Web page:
(1909–2000) Dutch physicist
Born in the Dutch capital city, The Hague, Casimir studied at the universities of Leiden, Copenhagen, and Zurich, and held various research positions between 1933 and 1942.
He has published many papers in the fields of theoretical physics, applied mathematics, and low-temperature physics. His most notable work has been in the theory of the superconducting state. Following the work of W. Meissner, Casimir and his colleague Cornelis Gorter advanced a two-fluid model of superconductivity in 1934 in which a fraction of the electrons were regarded as superconducting, while the rest remained ‘normal’ electrons. They were successful in explaining the high degree of interrelationship between the magnetic and thermal properties of superconductors.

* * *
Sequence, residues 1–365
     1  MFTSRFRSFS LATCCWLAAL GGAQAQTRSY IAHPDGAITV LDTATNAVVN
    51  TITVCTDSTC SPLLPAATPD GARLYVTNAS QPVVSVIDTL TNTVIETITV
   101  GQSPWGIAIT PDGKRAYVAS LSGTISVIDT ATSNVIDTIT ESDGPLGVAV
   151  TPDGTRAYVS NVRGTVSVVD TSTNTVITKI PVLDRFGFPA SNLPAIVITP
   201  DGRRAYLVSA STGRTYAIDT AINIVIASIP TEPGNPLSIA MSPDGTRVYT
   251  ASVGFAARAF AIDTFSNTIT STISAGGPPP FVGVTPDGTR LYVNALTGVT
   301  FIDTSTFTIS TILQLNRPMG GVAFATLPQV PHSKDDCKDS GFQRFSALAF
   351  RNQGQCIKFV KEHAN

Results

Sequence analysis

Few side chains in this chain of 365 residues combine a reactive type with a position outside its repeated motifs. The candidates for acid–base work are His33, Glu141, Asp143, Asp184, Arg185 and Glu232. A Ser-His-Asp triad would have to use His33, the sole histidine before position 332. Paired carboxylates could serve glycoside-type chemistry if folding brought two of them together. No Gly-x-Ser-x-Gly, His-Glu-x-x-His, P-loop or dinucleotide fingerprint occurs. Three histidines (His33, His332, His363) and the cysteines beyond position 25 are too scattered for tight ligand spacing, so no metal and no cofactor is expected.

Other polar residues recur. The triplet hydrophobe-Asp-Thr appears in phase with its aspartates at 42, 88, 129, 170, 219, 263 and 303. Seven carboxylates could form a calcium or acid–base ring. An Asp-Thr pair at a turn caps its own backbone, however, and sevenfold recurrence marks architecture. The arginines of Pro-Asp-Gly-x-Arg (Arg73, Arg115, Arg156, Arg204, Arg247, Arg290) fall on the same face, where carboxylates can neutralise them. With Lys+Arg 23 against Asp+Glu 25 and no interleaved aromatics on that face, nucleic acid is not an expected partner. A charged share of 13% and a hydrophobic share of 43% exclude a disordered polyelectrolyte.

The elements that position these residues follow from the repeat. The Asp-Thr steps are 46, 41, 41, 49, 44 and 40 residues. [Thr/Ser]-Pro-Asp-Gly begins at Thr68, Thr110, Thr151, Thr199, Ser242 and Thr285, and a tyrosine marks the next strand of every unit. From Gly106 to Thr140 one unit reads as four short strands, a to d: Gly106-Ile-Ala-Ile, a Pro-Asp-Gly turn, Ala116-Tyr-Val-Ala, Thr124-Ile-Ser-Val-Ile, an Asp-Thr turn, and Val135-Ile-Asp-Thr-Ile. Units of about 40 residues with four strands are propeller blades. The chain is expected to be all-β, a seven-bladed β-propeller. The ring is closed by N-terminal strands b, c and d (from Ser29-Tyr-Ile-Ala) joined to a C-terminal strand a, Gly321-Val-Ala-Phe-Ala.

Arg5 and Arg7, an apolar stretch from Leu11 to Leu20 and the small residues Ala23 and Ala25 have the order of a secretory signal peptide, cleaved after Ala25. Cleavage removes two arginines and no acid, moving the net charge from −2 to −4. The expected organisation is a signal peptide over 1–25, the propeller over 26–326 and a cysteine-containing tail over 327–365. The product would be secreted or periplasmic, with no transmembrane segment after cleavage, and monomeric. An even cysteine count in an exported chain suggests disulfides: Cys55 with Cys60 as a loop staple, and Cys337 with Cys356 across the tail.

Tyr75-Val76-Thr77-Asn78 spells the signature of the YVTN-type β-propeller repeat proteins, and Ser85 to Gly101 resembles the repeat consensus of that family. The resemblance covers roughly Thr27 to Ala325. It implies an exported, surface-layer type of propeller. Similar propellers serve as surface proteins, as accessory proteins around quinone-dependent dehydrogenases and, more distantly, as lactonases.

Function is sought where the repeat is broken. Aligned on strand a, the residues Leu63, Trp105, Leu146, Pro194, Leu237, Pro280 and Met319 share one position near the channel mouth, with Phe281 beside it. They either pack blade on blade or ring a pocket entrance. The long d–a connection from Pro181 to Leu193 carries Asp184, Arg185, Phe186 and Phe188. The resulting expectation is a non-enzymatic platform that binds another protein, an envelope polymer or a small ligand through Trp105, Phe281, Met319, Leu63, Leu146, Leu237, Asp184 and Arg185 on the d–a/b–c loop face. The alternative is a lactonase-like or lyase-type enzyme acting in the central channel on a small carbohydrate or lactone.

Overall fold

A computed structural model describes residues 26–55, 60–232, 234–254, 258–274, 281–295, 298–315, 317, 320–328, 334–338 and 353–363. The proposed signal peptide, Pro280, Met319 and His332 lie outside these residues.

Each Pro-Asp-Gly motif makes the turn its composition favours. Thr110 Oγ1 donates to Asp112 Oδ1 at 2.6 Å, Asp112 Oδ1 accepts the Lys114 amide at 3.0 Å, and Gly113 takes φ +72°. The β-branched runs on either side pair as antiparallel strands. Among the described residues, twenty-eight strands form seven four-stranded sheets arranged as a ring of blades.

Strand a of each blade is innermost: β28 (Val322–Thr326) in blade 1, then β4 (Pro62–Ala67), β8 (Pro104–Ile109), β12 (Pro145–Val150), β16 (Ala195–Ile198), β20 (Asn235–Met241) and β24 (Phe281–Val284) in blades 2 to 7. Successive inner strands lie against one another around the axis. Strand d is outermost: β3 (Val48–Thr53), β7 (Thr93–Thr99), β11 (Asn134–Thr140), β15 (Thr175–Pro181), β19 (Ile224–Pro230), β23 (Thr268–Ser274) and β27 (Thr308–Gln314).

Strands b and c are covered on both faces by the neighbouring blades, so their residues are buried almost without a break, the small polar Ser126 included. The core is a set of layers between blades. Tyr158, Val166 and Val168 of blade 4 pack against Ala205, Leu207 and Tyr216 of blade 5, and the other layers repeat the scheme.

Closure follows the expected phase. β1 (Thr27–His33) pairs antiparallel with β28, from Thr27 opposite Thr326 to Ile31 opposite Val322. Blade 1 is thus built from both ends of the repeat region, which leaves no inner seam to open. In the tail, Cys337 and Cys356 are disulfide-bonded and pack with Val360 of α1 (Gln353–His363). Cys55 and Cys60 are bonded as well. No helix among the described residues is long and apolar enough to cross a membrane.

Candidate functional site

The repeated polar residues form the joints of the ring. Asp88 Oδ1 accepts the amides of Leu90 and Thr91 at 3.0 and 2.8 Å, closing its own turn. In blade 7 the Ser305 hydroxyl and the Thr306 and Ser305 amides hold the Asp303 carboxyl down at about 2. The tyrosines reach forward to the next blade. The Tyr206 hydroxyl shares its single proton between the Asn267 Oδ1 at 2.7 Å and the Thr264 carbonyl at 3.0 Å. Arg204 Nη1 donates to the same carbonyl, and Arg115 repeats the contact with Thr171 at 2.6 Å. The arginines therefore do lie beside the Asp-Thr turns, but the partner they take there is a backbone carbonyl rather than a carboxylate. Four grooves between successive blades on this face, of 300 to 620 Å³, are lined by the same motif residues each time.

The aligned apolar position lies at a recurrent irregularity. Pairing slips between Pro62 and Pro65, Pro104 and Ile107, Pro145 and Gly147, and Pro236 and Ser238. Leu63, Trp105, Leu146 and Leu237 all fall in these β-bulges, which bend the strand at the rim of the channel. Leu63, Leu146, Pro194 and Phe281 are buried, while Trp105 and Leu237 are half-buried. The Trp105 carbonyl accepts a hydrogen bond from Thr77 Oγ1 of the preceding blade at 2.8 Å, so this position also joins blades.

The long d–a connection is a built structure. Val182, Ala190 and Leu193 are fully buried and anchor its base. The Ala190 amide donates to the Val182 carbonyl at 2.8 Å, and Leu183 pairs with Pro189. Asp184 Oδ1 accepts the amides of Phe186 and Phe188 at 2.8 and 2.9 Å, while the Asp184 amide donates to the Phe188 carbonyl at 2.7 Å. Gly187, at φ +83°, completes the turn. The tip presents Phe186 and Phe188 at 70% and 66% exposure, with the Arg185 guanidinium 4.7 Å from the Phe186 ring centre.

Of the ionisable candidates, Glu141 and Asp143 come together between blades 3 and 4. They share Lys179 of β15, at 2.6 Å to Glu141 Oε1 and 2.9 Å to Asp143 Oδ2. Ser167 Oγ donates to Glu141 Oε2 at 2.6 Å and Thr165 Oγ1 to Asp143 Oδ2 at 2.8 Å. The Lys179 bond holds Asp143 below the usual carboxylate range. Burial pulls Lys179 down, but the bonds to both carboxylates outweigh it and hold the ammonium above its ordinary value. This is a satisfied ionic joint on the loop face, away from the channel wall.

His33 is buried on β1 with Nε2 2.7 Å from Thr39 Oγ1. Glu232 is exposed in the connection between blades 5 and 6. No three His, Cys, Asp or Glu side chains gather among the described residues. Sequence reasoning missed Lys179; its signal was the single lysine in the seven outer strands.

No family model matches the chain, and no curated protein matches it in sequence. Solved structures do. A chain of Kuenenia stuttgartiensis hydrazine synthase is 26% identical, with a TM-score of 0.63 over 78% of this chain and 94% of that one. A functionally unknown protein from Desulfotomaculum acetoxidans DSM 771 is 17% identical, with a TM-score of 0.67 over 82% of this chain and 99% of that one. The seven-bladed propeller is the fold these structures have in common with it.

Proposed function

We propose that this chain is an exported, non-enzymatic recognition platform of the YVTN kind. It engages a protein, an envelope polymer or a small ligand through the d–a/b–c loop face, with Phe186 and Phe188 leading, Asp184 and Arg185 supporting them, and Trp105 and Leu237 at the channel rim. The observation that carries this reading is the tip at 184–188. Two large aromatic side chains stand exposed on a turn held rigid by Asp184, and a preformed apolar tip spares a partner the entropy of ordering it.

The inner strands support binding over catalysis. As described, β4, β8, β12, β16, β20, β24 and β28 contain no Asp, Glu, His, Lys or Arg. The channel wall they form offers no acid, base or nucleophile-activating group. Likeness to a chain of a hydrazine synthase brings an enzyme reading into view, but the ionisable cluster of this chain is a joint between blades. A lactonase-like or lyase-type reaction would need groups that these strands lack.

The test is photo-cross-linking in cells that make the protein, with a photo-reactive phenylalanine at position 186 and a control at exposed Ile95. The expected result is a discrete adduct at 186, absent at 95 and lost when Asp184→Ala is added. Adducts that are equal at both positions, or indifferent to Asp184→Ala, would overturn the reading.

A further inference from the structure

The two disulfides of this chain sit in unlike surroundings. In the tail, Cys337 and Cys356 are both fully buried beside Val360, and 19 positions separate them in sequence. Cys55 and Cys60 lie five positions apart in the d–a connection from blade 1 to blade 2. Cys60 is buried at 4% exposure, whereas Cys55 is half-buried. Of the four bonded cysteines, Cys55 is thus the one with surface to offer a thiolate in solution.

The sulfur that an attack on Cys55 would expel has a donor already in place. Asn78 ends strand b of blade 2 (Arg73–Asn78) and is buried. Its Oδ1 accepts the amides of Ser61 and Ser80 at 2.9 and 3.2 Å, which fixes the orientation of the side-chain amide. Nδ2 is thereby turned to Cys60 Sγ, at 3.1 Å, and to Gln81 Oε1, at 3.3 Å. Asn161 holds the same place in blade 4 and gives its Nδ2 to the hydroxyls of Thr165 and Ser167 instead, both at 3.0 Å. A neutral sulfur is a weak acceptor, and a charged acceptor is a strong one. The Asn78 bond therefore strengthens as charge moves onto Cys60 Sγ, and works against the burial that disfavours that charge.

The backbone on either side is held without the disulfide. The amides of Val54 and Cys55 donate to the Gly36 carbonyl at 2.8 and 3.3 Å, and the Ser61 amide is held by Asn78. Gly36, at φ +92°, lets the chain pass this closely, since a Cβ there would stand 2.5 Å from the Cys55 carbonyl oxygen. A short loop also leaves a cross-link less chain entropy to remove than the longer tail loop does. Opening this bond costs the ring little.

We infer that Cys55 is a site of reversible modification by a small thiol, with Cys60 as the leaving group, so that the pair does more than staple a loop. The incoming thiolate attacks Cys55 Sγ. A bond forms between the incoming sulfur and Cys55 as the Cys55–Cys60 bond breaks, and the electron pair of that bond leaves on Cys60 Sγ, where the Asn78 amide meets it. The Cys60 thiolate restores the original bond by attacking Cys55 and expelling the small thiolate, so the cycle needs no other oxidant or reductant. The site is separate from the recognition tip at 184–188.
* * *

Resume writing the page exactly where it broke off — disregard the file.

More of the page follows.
From 1942, Casimir has pursued a highly successful career with the Philips company, becoming director of the Philips Research Laboratories in 1946, and a member of the board of management (1957–72). He has supervised Philips's research activities in several countries.
Subjects: Science and Mathematics.